Stuff Multiplies by
200
(284 Stories)

Prompted By Stuff

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I just decided to get rid of shoes and purses I don’t use anymore. Although I pledged to stop buying purses, somehow, I managed to purchase a few over the past year or two in an effort to find that elusive perfect one. I also tried a few large wallets with loops attached hoping I could to reduce the amount of stuff I feel I have to have whenever I leave the house. Of course, none of those were just right either. I definitely have an issue with stuff magically multiplying.

I definitely have an issue with stuff magically multiplying.

Four years ago, we moved from our big, old house where we lived for 45 years to a condo. In the run-up to the move, we got rid of lots of stuff. So, how did piles of stuff come back to haunt me in such a short time? There are a few things we could have left behind in the move, but during a pandemic, with most of my shopping done online, why do I still have too much stuff?

I didn’t grow up with lots of stuff. We lived in a small house which always looked neat. Of course, there was not that much available for my family to add clutter and my mother was meticulous about her housekeeping. Toys were minimal. We had a landline, stereo, and TV, which were all of our electronics. My brothers shared a small bedroom, which always looked neat. We were trained to fold and put away clean clothing so we could re-wear it, as laundry was a big deal back then. Needless to say, my bedroom was also small and I was taught to keep my things in order. Maybe the answer is that we didn’t have very many possessions to worry about.

For my kids, on the other hand, even with few electronics (anyone remember Pong or the Apple II-C?) their toys took over the house. Despite our efforts to teach them to put their things away, we spent every evening picking up toys from our family room, and their clothes often lived on their bedroom floors until I finally picked them up. Getting them to put the clean clothes from their laundry baskets into their drawers was a fail. They mostly wore the things right out of the baskets. Unlike my mother, I had a job and housekeeping didn’t thrill me. With three kids, there was just too much stuff no matter how hard I tried.

My daughter’s kitchen

 

My other daughter’s living room

Don’t get me started about their kids, my grandkids. Their stuff “runneth over.” Everyone needs their own phone, iPad, electronic games — and this is on top of all of their toys and the clothes that carpet their bedroom floors. There is just too much out there for them to consume. I must confess that, when they were younger, I made a huge contribution to this overabundance of stuff. And I must also confess to accumulating too much stuff of my own.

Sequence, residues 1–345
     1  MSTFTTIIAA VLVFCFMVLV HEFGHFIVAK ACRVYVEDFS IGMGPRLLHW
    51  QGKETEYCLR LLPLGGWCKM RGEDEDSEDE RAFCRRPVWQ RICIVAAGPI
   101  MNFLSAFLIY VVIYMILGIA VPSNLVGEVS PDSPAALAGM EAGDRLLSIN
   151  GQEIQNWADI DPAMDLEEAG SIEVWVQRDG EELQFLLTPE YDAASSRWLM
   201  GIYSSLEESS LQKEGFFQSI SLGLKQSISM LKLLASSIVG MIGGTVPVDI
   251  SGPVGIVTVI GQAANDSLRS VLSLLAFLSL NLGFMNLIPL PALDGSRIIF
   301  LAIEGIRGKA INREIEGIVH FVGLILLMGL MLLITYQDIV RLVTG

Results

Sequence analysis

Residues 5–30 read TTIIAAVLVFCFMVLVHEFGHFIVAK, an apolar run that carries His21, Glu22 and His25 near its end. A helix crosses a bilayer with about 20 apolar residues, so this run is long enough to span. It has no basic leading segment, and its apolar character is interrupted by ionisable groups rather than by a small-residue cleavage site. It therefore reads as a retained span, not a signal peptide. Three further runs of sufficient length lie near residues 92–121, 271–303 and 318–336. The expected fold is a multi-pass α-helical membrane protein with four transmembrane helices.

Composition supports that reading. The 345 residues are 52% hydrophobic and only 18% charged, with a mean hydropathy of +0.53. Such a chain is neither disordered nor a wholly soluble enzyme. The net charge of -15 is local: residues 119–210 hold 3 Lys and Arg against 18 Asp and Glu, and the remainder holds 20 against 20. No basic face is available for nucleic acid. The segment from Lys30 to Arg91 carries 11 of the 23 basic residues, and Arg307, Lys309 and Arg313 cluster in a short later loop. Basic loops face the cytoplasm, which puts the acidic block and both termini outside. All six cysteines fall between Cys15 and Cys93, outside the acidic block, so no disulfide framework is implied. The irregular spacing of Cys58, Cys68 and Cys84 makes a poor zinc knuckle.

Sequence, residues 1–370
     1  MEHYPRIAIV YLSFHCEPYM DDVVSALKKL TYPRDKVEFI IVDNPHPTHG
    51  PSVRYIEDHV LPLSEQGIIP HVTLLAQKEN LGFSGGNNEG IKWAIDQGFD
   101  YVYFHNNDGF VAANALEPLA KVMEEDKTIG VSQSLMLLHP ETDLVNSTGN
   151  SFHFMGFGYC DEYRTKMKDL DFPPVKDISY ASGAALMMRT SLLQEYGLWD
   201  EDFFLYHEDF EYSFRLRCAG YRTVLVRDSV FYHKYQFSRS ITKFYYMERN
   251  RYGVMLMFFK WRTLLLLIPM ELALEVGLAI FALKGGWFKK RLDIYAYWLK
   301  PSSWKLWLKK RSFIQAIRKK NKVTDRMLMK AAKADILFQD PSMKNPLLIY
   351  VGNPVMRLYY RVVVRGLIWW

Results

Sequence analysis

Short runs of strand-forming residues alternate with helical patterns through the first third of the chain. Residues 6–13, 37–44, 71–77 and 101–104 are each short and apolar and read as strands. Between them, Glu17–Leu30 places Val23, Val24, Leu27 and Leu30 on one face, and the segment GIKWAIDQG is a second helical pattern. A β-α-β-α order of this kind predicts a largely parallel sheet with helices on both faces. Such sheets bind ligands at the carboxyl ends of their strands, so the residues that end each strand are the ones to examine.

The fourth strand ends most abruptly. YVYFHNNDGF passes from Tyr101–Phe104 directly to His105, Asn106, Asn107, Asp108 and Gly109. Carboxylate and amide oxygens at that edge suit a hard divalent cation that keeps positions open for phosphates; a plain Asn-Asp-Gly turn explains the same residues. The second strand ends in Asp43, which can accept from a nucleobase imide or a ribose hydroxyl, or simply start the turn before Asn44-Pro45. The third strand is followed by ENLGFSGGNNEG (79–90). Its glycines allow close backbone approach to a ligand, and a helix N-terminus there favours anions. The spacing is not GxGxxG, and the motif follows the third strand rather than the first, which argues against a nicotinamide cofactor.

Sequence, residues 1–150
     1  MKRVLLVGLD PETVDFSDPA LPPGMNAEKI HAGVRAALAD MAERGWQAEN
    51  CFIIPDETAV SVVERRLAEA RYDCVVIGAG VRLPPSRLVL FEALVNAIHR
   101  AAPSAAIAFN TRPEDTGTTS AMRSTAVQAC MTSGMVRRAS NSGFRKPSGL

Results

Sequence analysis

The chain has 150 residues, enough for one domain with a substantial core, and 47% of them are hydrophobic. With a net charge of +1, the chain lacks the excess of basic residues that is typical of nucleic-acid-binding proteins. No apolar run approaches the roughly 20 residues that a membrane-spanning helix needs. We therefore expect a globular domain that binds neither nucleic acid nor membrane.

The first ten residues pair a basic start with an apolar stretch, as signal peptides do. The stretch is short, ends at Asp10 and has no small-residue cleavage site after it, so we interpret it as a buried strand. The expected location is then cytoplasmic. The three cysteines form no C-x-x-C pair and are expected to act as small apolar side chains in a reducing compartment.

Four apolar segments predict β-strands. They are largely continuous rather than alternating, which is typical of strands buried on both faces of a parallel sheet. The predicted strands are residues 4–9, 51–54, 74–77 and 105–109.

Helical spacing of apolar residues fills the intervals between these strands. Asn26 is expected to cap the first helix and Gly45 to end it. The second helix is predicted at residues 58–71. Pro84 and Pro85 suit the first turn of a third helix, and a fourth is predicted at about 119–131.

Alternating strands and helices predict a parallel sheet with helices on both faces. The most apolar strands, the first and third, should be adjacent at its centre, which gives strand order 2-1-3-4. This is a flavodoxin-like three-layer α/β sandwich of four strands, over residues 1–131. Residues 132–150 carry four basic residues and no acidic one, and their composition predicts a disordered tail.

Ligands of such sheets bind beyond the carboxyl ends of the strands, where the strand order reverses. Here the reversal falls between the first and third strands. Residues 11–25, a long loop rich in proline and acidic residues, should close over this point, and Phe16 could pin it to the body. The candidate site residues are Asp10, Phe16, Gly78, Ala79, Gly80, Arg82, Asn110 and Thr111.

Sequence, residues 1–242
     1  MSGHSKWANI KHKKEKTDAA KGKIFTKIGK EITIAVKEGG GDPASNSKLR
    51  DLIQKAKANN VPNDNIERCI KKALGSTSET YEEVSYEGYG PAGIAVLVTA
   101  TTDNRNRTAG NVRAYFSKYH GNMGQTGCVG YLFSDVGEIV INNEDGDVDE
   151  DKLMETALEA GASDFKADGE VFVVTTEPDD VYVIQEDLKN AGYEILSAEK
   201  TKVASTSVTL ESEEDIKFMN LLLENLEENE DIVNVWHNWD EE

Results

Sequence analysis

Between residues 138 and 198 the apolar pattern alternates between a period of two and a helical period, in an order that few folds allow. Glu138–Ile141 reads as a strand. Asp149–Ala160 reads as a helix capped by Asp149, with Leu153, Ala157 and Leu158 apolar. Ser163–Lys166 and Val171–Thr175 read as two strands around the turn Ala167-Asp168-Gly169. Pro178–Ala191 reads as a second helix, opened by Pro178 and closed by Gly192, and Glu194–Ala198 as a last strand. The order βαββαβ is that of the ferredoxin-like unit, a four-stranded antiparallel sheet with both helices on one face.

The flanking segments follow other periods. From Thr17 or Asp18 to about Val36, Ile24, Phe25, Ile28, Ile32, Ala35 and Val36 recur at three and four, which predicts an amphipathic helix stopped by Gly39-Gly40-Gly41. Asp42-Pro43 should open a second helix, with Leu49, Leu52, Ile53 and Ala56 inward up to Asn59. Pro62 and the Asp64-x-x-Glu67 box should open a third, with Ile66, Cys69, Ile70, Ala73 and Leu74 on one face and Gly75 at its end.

So, back to today’s effort to reduce the chaos in my shoe and purse collection. In four short years, I had done it again. After accumulating a huge garbage bag for Goodwill and putting the things I actually wear or might use in order, I had a brilliant idea. If I just ordered a tote bag on Amazon, I could fit my large wallet in there, along with other stuff I need when I want to have a book or meds and cosmetics with me to go places (think the doctor’s waiting room). Sigh. More stuff.

Wait, this is my kitchen!

Profile photo of Laurie Levy Laurie Levy
Boomer. Educator. Advocate. Eclectic topics: grandkids, special needs, values, aging, loss, & whatever. Author: Terribly Strange and Wonderfully Real.

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Characterizations: funny, moving, well written

Comments

  1. Evidently we (humans) get attached to stuff in ways that we are not fully aware of – kind of like an ‘irresistible impulse.’

  2. Betsy Pfau says:

    I agree that the post-war generation didn’t have nearly as much stuff as our kids or grandkids (or we do). Some of that is due to the proliferation of electronics, as you point out. But some, I think, may be due to mentality. Our own parents grew up during the Great Depression, so were used to being frugal. None of us had an over-abundance of “stuff”, unlike what we see today, or even what we gave our kids. And we worked and our lives were busy, so clutter ensued. I think it is a difference in generational thinking, as well as in affluence and readily available “stuff” (so easy to order online, peer pressure, social media, etc).

    And yes, we women are always in pursuit of just the right handbag to carry the right stuff, plus we need different ones to match different levels of dressiness for different occasions.

  3. Jim Willis says:

    Loved your story, Laurie. Right from the start when you mentioned all your shoes. I’m still trying to figure out how I wound up with a dozen pairs of Hokas (about $2,000 worth, I’d guess) when I only wear two pairs with any regularity. And my wife has been exhibiting great patience, above and beyond the call of duty, over my mushrooming guitar collection!

    • Laurie Levy says:

      Wow — a dozen pairs of Hokas. I only have one pair, which I loved until I didn’t. Now, I feel better about my shoes. No shoes that look nice to wear anywhere, but that’s the fault of my aching feet.

  4. Khati Hendry says:

    We have somewhat parallel stories of stuff accumulating over time—but yours had children to accelerate the process! You describe it so well, and the pictures are wonderful too. I offer much empathy.

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